Genre: Action Figure Creators: Stan Weston, Donald Levine
Company: Hasbro
Date released: February 2, 1964

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G.I Joe, America’s movable fighting man, introduced the term “action figure” and helped shape the toy industry to the delight of children everywhere. The brand’s humble beginnings began in 1964 with a 12-inch toy line, and grew to include over 500 figures thanks to groundbreaking marketing strategies and business savvy that rocked the toy market. This strategic genius of Hasbro helped the line weather the storm of stiff competition and an ever-changing political climate that changed the way American society viewed the Armed Forces.

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In 1964, Stan Weston approached Hasbro with a concept he thought could rival the success of Mattel’s Barbie and carve a space in the toy industry for boy’s dolls. Using the military as inspiration, he eventually sold the idea to Hasbro for a $100k buyout. Hasbro embraced the concept, donning G.I Joe with accurate weapons and an arsenal of accessories. To further solidify their place in the market, Hasbro covered all the bases by including not just the Army, but the Navy, Air Force, and Marines as well to prevent competitors from stepping into this niche territory.

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G.I Joe, the Fighting Men from head to toe underwent a couple of different iterations through the 70s as the political climate from the Vietnam War shifted the public away from embracing the military. The line was rebranded the Adventure Team, the figures gained pull strings, and now had super sweet Kung Fu grip action. The marketing strategy would not end there. After witnessing the run away success of the Star Wars 3 ¾ figures sweeping the market, Hasbro joined forces with Marvel Comics and did what was unheard of at the time- advertising for comic books.

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Toy commercials existed, of course, but were limited thanks to regulations that required limited SFX and animation. As a work around, a brilliant concept was born: turn G.I Joe into a comic book to skirt these regulations and then advertise away. G.I Joe: A Real American Hero was then launched and toy fans went wild. From 1982 to 1994, the line dominated the action figure genre and first year sales alone raked in $50 million. G.I Joe got bigger and better. The comic book saw the expansion of G.I Joe's world with the introduction of the villainous terrorist organization Cobra. Vehicles got more intricate, characters saw more detail and color, and most importantly, the figures got what all enthusiasts and imaginative children wanted- articulation.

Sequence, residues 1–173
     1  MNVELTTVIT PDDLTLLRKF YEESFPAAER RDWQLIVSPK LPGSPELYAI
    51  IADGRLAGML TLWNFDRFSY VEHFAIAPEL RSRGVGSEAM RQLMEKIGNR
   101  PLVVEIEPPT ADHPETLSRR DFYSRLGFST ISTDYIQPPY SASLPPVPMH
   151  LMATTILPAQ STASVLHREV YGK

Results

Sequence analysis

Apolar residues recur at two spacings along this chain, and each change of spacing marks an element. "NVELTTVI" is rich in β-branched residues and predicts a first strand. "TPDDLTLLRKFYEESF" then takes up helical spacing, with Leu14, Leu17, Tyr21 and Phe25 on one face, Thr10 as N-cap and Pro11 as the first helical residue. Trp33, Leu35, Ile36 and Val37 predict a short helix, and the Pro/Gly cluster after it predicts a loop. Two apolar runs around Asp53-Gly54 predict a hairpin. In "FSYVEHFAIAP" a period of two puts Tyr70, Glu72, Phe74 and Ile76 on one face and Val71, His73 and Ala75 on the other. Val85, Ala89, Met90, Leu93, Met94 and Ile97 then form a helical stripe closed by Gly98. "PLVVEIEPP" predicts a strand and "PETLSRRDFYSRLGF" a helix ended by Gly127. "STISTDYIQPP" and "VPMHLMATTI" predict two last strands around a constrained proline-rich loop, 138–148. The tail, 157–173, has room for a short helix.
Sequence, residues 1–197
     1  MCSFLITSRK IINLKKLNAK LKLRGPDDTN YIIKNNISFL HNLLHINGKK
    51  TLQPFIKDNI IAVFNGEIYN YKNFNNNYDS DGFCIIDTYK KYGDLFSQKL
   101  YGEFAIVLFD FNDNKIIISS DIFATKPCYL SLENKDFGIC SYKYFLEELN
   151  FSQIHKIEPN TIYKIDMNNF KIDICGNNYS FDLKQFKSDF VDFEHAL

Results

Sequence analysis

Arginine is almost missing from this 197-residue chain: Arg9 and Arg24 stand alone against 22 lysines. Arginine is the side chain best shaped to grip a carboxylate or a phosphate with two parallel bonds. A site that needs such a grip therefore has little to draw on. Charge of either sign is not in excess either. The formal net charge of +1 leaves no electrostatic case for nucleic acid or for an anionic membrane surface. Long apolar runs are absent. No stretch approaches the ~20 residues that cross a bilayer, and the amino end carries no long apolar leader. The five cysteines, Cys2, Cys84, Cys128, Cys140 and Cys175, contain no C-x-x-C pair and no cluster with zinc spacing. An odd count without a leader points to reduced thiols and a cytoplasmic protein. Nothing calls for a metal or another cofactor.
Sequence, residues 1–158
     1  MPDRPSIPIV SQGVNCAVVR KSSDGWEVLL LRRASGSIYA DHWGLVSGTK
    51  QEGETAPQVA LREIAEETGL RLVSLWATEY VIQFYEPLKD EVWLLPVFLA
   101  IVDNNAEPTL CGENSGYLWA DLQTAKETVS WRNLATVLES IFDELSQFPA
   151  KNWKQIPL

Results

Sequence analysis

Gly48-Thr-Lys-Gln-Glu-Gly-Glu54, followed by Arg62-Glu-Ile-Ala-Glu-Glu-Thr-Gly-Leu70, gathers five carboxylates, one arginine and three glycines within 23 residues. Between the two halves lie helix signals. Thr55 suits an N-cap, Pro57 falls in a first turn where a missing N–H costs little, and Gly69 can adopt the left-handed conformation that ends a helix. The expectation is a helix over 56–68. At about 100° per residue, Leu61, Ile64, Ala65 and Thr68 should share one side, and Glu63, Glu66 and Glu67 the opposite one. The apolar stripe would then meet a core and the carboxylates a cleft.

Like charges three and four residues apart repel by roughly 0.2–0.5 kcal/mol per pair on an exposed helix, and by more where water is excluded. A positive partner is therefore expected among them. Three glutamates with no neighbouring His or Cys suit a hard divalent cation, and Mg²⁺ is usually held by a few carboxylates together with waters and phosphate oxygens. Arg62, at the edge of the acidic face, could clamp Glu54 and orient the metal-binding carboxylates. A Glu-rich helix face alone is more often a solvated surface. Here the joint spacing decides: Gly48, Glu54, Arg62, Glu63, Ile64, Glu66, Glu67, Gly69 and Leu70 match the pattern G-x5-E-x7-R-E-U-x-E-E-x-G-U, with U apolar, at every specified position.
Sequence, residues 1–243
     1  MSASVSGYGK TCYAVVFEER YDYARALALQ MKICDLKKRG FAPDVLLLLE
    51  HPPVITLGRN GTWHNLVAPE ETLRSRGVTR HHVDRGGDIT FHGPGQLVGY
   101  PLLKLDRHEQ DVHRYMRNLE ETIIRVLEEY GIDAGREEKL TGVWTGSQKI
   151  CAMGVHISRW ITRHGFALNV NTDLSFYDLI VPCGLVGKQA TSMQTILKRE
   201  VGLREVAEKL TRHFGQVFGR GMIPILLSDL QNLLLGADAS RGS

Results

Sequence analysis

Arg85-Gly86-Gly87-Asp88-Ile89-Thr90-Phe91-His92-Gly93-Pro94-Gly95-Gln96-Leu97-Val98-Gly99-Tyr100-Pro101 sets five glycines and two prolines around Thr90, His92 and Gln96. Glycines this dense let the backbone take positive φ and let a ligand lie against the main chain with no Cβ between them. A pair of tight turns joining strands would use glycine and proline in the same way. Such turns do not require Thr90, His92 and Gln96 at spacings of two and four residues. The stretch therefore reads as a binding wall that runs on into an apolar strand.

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Now with swivel grip action, G.I Joe saw its universe expand again. Cobra Commander got more attention from team designers, and the line even fought dinosaurs, busted up drug rings, and joined the Star Brigade and went to space. After these expansions, and a takeover by Kenner Toys, the line ceased production in 1994.

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As a testament to the brand's durability, G.I Joe continues to live on. The rebooted A Real American Hero line was released 2014-2016 in celebration of G.I Joe's 50th anniversary and the film G.I Joe: Ever Vigilant is slated for a 2020 release.

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Were you a G.I Joe kid? Still have your childhood toys safely tucked away? Let us know on our social media!